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Today I want to share a story from TPG reader Monjur, who split up his party to make the best of limited award availability:
I have read a lot about Cathay Pacific first class and wanted to figure out a way to try it using points. Thanks to TPG, I consider myself seasoned in mileage redemption strategies, especially when it comes to certain award programs like Alaska Airlines Mileage Plan. So over the past 10 months, I accumulated more than 140,000 Alaska miles — having MVP Gold status certainly helped, and I made good use of the Mileage Plan shopping portal.
I used the British Airways Avios award search engine to find availability on Cathay Pacific from Los Angeles (LAX) to Hong Kong (HKG). Since I really wanted to experience Cathay’s 777-300ER first class, I wasn’t considering flights on the A350 (which offers a superb business class based on what I have read). I found one first class seat for the LAX-HKG flight in March of 2020 — yes, that’s how far in advance I plan a lot of our long-haul trips, especially when I’m redeeming miles — but I needed two seats to fly with my wife.
Cathay Pacific has two flights (#881 and #883) departing LAX one hour apart, and each of those flights had one first class award seat available. Knowing that Alaska doesn’t charge change fees for MVP Gold members, we decided to take those two seats. So even though my wife and I currently have different flights to Hong Kong, I’m optimistic that another first class seat will become available on either of our flights as we get closer to the departure date. I just need to make sure I re-qualify for MVP Gold in 2020.
I also know that Alaska allows one free stopover on award redemptions, and there was no way I was going to spend 70,000 miles without adding a stopover. So to further sweeten the deal, I added a flight to Johannesburg (JNB) in business class with a reverse herringbone configuration. We’ll fly LAX-HKG-JNB with a three-night stopover in HKG all for only 70,000 miles per passenger. Pretty awesome!
One of the big draws of airline elite status is the opportunity to score upgraded seats, but Monjur’s story touches on what I think is the most valuable (and underrated) benefit for award travelers: waived fees. Alaska, American, Delta and United (among others) all discount or waive change and cancellation fees for upper tier elites, including on award tickets, so there’s less pressure to track down the perfect itinerary from the outset. You can afford to book flights that are merely functional when parameters like the routing or departure time (or in Monjur’s case, the number of seats) aren’t ideal. You can simply adjust later free of penalty when the award space you really want opens up.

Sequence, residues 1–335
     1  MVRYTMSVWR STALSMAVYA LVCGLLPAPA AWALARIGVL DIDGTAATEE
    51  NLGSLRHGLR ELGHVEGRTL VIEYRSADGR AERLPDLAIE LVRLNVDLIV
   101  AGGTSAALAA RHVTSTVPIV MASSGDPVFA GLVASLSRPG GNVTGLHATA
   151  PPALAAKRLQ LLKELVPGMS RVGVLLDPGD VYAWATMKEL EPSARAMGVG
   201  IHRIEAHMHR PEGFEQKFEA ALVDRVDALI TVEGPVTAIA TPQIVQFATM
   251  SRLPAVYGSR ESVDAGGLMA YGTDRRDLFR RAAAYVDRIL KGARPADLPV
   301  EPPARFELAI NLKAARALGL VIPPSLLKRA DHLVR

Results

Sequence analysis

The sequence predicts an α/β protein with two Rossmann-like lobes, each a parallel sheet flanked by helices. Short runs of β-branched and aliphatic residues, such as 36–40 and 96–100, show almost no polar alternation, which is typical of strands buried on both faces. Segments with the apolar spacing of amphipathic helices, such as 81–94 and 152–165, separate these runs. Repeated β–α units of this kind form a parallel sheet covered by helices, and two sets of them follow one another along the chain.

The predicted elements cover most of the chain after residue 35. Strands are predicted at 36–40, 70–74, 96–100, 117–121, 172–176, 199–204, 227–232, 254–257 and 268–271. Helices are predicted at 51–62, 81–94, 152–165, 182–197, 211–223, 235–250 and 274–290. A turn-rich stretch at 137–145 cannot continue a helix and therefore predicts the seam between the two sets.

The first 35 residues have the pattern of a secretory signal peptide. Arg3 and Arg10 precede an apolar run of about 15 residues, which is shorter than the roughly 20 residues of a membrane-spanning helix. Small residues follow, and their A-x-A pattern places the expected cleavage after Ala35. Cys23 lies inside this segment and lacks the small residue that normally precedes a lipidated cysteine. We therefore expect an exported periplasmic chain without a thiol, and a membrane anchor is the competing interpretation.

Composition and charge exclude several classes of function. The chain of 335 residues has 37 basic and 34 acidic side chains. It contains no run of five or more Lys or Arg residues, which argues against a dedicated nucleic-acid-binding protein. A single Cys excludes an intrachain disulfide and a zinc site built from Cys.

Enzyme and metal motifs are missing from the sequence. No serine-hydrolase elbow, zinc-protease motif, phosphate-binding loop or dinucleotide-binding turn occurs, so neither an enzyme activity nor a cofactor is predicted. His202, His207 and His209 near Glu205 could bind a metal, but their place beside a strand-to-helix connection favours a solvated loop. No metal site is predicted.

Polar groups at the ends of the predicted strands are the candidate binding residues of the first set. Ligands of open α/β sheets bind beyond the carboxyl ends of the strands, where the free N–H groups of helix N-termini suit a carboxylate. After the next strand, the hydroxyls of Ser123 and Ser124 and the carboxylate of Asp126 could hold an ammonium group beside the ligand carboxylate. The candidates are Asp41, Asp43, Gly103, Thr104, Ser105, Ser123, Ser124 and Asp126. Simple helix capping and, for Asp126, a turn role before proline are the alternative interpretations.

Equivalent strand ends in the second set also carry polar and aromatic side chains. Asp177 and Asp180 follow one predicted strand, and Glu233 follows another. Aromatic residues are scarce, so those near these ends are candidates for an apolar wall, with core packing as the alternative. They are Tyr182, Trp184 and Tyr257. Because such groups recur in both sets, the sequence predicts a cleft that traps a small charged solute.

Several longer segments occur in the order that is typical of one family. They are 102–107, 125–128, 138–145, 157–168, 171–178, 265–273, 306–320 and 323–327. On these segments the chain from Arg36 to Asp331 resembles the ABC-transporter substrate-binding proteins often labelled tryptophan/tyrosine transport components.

These benefits also give you the freedom to book awards speculatively, so when you see availability during an award sale or along a route where seats are hard to find, you can claim it right away and worry about the details later. If those flights don’t end up fitting with the rest of your plans, you can switch to new ones even if it means a adding a stop or accepting a downgrade in service. I don’t advocate booking awards you aren’t likely to use just because you can, but if you’ve earned the privilege to avoid change and cancellation fees, take advantage of it!
I love this story and I want to hear more like it! In appreciation for sharing this experience (and for allowing me to post it online), I’m sending Monjur a gift card to enjoy on future travels, and I’d like to do the same for you. Please email your own award travel success stories to firstname.lastname@example.org; be sure to include details about how you earned and redeemed your rewards, and put “Reader Success Story” in the subject line. Feel free to also submit your most woeful travel mistakes. If your story is published, we’ll send you a gift to jump-start your next adventure. Due to the volume of submissions, we can’t respond to each story individually, but we’ll be in touch if yours is selected.
Safe and happy travels to all, and I look forward to hearing from you!
Featured photo by JT Genter/The Points Guy
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